Reusing hub nut and drum wear
Posted 04 October 2008 - 04:24 PM
Does anyone know what a 'laminated' nut is (excuse my ignorance) and why it can only be reused 4 times? I've just had the brake shoes replaced (not by a main dealer) and having taken the car back to get the handbrake readjusted afterwards I've now added two 'lives' to the nuts but I don't know how many times they had been removed and replaced previously - there's got to be a good chance the total number now exceeds 4 as they have been reused at least once before while I have had the vehicle (when it had a major service) and prior to this the vehicle was regularly and properly serviced up to 120000 miles (with rear bearings replaced at 54000 ('including hub') and 80000 miles respectively).
Secondly I was advised at the major service a while ago that my drums were 'worn to the limit' but when the shoes were replaced the garage (a different one) assured me the drums were in very good condition - but they took no measurement. When I asked them about this they were adamant the drums were fine - with no sign of any 'lip' on the outer edge for example - and that I had nothing to worry about. Should I insist on the drums being measured - what are the consequences of having the drums wear beyond the limit?
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Posted 04 October 2008 - 10:51 PM
A laminated nut having a plurality of conical spring discs for use with a bolt assembly. Each of the discs is formed with a hex shaped outer periphery and a non- round central bore. The discs are assembled on top of each other forming a laminated stack. A threaded tension sleeve is located in the central bore and has a non-round outer periphery shape corresponding to the shape of the central bore of the discs. The tension sleeve has a threaded inner peripheral wall with the threads sized to fit the bolt assembly. The tension sleeve includes an upper flange to engage and hold the upper portion of the laminated stack and a lower flange to support the laminated stack. Application of a torqueing force to the outer, hex shaped periphery of the discs forces them to deflect and contact the threaded tension sleeve applying force along the length of the bolt assembly in a uniform manner to reduce clearance between the bolt threads and the threads on the nut tension sleeve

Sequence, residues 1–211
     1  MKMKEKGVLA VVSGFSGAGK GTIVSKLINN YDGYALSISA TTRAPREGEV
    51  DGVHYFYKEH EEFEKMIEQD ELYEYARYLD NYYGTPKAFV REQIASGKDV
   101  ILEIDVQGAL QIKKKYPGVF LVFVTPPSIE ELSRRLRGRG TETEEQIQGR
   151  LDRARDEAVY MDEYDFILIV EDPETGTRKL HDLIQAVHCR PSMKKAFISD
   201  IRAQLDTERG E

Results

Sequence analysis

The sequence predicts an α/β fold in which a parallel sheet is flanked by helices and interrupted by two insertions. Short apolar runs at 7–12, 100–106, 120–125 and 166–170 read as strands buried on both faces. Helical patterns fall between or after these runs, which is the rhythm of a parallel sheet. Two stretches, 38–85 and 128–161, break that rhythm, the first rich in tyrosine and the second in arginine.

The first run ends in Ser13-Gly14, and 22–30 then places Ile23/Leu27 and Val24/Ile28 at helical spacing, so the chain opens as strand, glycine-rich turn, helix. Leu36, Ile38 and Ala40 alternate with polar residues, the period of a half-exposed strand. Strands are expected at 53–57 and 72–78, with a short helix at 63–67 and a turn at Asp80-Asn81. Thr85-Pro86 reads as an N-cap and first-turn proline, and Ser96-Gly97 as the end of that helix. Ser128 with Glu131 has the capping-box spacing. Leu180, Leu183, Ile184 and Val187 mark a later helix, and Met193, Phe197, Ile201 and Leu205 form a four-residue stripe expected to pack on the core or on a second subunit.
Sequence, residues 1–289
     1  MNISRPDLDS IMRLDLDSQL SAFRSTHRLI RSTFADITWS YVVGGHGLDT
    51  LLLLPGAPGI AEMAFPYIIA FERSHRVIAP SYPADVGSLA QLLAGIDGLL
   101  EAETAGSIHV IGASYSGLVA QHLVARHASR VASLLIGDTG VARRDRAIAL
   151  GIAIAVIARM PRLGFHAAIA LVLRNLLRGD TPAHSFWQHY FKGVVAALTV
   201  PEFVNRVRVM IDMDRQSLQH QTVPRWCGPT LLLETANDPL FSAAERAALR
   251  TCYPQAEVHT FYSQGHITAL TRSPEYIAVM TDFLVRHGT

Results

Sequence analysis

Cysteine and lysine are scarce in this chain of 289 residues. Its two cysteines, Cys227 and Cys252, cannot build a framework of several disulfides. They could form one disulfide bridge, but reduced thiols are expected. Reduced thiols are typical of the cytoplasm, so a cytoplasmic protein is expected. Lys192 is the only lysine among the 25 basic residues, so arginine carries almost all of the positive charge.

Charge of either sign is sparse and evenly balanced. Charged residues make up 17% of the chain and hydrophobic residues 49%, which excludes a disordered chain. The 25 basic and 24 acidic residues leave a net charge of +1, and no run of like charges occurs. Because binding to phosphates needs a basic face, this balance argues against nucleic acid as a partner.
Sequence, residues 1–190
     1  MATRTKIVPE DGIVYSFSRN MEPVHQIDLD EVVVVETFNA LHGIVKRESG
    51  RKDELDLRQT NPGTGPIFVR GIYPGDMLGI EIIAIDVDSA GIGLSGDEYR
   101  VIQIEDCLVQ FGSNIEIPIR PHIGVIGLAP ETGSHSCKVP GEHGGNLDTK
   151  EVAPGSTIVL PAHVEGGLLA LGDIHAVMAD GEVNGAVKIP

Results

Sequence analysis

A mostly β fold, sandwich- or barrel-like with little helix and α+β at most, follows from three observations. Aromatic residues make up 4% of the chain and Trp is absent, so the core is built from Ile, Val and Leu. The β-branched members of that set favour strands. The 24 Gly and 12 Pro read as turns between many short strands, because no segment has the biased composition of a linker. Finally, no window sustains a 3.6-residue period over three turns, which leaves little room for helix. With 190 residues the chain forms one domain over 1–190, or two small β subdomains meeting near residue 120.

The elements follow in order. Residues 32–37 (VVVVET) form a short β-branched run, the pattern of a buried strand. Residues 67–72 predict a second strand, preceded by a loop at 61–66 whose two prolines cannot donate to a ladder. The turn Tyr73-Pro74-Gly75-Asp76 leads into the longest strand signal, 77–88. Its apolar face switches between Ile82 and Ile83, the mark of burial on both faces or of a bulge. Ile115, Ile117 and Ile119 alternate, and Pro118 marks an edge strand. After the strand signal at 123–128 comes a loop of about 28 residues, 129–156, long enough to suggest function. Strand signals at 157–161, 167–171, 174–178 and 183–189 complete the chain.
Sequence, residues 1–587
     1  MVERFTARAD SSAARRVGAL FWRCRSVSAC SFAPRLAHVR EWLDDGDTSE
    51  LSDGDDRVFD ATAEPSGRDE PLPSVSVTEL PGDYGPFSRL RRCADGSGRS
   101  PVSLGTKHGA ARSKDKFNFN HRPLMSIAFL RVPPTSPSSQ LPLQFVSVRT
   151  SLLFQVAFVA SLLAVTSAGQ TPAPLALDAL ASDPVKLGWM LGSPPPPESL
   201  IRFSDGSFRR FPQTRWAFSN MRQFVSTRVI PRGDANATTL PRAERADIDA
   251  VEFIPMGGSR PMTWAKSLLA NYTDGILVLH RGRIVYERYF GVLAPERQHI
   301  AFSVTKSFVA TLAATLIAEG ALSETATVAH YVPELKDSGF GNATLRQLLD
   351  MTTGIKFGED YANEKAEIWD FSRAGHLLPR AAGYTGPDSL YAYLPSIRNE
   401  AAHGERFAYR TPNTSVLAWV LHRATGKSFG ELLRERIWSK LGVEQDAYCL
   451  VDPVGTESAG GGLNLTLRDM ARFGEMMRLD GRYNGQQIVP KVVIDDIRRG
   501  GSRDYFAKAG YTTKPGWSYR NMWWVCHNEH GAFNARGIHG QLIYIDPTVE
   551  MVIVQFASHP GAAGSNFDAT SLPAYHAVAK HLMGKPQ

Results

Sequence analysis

as for the drums i carnt see how they can be worn to the limit without being some kind of lip on them
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